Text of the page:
In 2017, Everhart released his first collection of original music, Songs Come and Gone (Self-released), which compiled seven original tracks from YouTube onto one album. Everhart said he has learned a lot about music production since releasing that album. "I still don't really know what I'm doing, but even back when Songs Come and Gone came out, I wasn't really trying to branch out, learn more, and experiment. I've done a lot of that on the new album."

Released on January 10 of this year, Yearn in Years begins with new versions of 2017 singles. Everhart chose to remake the tracks "Dead Moons" and "Rewind" because he does not enjoy what he hears as the sterile and digital production of his older work. "I've been trying to run my stuff through different plug-ins to give it a bit more character."

While Yearn in Years uses plug-ins to achieve a more natural sound, Everhart said he plans to experiment with other ways to give his music personality, like using a reel-to-reel tape machine. "I'm not trying to go for straight up 'lo-fi' sound, but I feel like it lacks a certain kind of warmth a lot of the time," he said. "I was able to fake it with plug-ins on this album, but I'm diving further into that."

Yearn in Years began as an anthology release of all the original songs Everhart recorded in 2017. He originally intended to only write a few more songs to accompany the first versions of "Dead Moons" and "Rewind." "I kept wanting to add more songs and it kept changing and morphing until it took on a life of its own."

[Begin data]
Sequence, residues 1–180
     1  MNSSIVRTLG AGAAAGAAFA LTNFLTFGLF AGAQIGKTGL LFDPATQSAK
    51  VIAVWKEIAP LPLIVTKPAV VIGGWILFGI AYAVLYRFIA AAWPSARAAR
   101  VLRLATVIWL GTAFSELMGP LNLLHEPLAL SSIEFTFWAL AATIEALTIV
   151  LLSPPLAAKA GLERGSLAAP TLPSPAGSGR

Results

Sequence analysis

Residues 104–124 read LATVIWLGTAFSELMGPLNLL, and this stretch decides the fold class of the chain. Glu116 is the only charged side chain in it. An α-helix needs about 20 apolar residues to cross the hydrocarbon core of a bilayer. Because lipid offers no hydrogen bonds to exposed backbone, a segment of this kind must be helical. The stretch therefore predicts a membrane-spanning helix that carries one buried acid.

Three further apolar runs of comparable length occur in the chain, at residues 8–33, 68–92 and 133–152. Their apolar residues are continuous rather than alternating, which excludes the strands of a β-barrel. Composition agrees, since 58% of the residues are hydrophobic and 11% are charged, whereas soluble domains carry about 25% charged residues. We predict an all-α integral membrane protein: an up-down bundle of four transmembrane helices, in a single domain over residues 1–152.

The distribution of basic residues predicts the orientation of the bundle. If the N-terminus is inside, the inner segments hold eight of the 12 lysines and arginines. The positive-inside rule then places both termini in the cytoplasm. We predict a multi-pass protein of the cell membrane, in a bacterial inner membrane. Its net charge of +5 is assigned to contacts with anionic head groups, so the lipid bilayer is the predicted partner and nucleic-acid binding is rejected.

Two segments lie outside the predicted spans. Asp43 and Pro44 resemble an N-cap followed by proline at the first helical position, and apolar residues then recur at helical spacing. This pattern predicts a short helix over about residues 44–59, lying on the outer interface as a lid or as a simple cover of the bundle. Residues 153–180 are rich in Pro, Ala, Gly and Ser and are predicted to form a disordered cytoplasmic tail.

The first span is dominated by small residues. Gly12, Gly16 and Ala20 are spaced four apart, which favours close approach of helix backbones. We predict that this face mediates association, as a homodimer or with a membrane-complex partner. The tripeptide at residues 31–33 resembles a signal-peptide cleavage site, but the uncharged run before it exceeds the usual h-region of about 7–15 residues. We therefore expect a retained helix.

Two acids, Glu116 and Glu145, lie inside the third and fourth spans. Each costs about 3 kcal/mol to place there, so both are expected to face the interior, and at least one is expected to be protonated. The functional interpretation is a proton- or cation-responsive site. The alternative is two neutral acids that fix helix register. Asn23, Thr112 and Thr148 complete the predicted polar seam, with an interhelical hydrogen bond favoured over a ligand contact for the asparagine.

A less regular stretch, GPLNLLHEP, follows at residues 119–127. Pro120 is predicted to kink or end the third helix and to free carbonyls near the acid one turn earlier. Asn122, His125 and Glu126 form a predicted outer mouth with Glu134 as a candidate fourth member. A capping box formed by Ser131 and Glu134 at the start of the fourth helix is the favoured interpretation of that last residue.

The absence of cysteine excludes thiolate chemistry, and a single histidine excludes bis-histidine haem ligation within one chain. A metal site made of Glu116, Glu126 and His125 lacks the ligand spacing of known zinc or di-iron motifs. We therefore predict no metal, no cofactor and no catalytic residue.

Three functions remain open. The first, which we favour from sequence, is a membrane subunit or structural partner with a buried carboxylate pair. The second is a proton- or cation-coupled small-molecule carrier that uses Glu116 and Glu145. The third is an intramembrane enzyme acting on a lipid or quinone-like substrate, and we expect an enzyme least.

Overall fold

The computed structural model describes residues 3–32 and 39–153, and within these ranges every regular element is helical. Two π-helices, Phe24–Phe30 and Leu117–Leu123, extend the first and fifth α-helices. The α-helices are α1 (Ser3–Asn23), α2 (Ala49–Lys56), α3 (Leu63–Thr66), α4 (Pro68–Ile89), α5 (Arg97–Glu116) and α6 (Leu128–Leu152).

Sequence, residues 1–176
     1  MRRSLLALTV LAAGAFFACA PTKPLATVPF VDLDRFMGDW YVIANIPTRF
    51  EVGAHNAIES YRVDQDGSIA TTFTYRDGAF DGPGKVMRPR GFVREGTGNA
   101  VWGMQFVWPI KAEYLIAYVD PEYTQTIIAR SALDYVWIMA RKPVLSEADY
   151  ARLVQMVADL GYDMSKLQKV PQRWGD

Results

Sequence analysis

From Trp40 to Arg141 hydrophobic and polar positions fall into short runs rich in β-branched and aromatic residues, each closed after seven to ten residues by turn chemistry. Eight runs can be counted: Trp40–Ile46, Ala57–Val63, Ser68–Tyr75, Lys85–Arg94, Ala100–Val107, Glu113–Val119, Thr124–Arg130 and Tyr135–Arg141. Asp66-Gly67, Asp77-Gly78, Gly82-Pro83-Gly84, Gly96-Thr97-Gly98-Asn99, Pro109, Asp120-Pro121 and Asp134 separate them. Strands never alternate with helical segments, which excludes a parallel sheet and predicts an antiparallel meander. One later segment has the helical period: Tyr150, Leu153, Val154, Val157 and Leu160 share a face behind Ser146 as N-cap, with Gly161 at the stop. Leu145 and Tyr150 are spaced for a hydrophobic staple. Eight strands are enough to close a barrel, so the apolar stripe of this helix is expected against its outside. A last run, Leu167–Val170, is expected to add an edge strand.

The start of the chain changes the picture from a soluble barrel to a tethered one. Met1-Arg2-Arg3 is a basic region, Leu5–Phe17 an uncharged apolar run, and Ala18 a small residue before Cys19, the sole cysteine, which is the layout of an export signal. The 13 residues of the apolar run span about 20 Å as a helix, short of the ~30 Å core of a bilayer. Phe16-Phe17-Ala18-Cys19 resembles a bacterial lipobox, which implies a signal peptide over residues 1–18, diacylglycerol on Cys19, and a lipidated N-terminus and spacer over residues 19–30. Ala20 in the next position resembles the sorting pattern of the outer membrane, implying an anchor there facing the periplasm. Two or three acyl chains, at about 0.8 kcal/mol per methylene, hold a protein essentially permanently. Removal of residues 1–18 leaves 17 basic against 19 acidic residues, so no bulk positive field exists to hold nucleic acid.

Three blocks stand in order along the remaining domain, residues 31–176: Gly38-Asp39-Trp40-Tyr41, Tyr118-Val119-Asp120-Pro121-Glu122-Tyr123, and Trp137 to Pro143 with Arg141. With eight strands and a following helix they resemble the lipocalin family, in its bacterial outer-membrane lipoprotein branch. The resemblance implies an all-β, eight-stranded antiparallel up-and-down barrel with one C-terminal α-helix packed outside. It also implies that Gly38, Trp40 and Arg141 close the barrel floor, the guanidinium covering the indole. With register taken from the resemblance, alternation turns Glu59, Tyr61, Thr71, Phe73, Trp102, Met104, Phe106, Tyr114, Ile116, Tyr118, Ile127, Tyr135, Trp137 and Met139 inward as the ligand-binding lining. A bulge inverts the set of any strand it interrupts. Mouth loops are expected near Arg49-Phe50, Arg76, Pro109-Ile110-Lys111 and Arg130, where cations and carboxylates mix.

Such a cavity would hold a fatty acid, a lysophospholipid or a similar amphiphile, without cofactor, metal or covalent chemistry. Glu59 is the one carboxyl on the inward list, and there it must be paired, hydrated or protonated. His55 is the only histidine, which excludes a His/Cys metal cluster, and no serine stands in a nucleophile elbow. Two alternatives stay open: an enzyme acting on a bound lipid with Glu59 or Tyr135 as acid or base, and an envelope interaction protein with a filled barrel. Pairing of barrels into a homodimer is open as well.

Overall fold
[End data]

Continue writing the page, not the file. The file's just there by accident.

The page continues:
After originally planning to release Yearn in Years in early 2018, that spring Everhart realized that it was becoming a much larger project that an anthology, and he approached fellow YouTuber and synthwave artist Amie Waters for help. "I needed another set of ears to help me pull it all together."

Everhart and Waters worked on the album off and on for about a year and a half while he constantly wrote new songs and scrapped old ones. Some of the songs strayed from his usual melancholy and nostalgic subject matter and dove deep into science fiction, like a 10-minute track about the crew of a spaceship discovering a haunted artifact in space. "It was basically a Star Trek song," he explains. Eventually cutting the track from the album, Everhart said it would not have fit with the overall mood of Yearn in Years. "I set it aside, but I'm going to come back to that one."

One sci-fi track that stayed on Yearn in Years is "Dead Moons," a moody synth jam that introduces the album's spacey and psychedelic sound. Everhart said Waters' synths and production are responsible for the aesthetic of "Yearn in Years." "She played a big role in sculpting the sound of a lot of these songs."

Everhart notes that the original version of "Dead Moons" was a result of working on the song alone until he stopped making progress, eventually getting frustrated and giving up. When Waters added new sounds to the track, Everhart sculpted those sounds to fit his vision and they passed the track back and forth. Even tracks without the layers of Waters' synths were heavily influenced by her, Everhart said, like the acoustic penultimate track "Anyhow," which he wrote in 2011.

Everhart said the album's closer, "Without," was so heavily influenced by Waters' production that it "pretty much is an Amie Waters song." After debating cutting the song from the track list right before sending the album to be mastered, Everhart sent the song to Waters. She chopped his guitar chords into watery splashes of sound and reworked the original drum beat (by fellow YouTuber Austin Perrilloux) to sound like a drum machine. "She completely reworked the song and we saved it!"